Though the words “shareholder” and “stakeholder” are sometimes used interchangeably in conversations about investing, there are important distinctions between the two.
Both shareholders and stakeholders may have a vital interest in how a company is run. But the perspective, priorities, and rights of someone who owns shares of stock in a business can be very different from those of a person who has a different kind of stake in the company’s operations—as an employee, community member, or through some other connection.
Analysts and academics have long debated which group a company has a greater responsibility to when doing business—especially when their priorities may conflict. And there seems to be no end in sight to the controversy.
The shareholder vs. stakeholder debate continues to evolve as the push for good corporate citizenship and social responsibility gains momentum both nationally and globally. Here’s a look at what’s involved and the differences between a shareholder and a stakeholder.
What Is a Shareholder?
A shareholder is a person or organization that is invested in a public company: They own one or more shares of stock in the business and have an interest in how its success or failure might affect the value of their investment.
Individual shareholders might buy stock with a plan to hold on to the investment for the long term as part of an overall portfolio strategy. Or they might plan to sell within a few weeks or months, hoping to make a quick profit on their purchase.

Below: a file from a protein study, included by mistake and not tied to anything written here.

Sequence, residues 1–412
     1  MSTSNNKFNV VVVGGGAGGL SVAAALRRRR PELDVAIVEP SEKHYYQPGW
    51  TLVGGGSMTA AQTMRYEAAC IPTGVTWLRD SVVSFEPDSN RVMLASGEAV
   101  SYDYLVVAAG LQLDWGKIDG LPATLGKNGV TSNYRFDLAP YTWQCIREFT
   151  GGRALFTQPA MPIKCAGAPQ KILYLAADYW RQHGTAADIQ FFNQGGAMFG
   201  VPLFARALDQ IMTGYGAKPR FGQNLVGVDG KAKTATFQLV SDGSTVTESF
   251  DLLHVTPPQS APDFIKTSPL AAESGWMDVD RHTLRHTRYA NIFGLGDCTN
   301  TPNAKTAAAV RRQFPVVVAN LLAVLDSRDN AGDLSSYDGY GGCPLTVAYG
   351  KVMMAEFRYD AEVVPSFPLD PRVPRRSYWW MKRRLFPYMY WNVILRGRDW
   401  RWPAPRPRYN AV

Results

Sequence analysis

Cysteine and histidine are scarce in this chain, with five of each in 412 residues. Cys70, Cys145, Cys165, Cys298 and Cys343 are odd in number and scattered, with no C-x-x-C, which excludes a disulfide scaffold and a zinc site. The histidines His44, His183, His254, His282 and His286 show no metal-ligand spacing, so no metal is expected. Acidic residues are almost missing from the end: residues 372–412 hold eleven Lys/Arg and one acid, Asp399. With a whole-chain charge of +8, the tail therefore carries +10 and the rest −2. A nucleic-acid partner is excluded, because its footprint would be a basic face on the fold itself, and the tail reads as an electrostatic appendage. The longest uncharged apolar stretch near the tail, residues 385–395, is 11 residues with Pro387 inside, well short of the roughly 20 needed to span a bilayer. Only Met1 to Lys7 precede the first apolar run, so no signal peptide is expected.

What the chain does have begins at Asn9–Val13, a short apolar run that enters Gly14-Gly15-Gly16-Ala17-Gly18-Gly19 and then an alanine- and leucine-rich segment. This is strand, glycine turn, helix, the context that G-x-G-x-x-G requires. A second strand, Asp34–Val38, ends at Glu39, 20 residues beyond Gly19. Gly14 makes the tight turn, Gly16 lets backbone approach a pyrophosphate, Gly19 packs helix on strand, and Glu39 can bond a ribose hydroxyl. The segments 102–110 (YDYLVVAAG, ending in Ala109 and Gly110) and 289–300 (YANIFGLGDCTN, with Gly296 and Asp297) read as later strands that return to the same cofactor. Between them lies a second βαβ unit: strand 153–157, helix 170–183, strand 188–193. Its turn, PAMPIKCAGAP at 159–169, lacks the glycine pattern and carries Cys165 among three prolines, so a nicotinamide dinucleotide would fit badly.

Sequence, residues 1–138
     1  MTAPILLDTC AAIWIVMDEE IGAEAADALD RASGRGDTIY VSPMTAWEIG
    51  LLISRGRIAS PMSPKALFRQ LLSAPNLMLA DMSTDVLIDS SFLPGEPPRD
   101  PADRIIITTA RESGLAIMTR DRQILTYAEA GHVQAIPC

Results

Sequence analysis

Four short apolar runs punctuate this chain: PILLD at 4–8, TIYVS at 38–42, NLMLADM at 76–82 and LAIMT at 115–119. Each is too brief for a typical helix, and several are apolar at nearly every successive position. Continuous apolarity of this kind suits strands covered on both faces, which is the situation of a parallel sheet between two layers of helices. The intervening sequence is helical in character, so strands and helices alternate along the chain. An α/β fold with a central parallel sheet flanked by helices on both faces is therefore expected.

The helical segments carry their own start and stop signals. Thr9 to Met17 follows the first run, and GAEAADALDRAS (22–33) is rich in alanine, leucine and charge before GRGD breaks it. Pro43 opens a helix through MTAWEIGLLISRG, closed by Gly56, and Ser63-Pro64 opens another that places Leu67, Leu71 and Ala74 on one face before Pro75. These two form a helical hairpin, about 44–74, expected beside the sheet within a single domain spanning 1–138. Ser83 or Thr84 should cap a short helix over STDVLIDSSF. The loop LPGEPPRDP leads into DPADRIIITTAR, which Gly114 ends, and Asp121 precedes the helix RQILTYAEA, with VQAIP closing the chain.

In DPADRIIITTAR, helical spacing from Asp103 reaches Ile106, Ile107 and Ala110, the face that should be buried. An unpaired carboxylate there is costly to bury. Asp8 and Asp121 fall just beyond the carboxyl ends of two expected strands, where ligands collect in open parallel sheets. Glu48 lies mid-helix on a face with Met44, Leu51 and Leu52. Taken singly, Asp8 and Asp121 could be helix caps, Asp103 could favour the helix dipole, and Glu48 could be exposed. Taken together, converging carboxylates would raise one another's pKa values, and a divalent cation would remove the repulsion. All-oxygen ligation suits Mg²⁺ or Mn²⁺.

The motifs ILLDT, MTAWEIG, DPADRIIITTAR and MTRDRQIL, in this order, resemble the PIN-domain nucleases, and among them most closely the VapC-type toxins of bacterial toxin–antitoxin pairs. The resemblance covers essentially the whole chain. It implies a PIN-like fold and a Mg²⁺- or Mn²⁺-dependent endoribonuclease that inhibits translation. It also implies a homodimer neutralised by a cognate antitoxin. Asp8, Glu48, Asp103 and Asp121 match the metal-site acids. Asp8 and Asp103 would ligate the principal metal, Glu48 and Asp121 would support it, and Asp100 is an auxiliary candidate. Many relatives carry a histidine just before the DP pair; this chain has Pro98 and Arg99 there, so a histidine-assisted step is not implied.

Shareholders also may buy different types of stock depending on their goals. Those who buy common stock (the more popular choice) are more likely to be interested in the potential for higher profits, albeit with more risk. Those who purchase preferred shares are typically looking for reliable dividend income with less risk.
The rights and privileges of shareholders also may vary, depending on the company and the type of investment they make. Owners of common stock, for example, have voting rights, which can give them a say in electing board members and in some corporate policy decisions.
Preferred shareholders don’t have voting rights, but they do have priority when it comes to receiving dividend payments, and they’re more likely to get some money back if a company goes belly up.
Either way, that investment is liquid: Stockholders can sell some or all of their shares in a company and get out at any time. And either way, shareholders’ main goal is usually to get the most for the money they’ve invested in the company.
What Is a Stakeholder?
OK, here’s where things might get a little confusing. Shareholders are stakeholders—they have a stake in the company’s profitability, and in that context, they care about its financial performance and its reputation. But not all stakeholders are shareholders.
There are other stakeholders—people and organizations that don’t necessarily own a single share of stock in a company—that still may be affected by how the business operates. They might be vendors who supply the business with goods or services. They might be employees who depend on the steady wages and benefits they receive.
They might be bondholders who’ve purchased company debt with the expectation that they’ll receive interest payments as promised. Or they might be community members who rely on the revenue the business brings to their city or town, or who are concerned about the environmental impact (good or bad) they’ll see over time.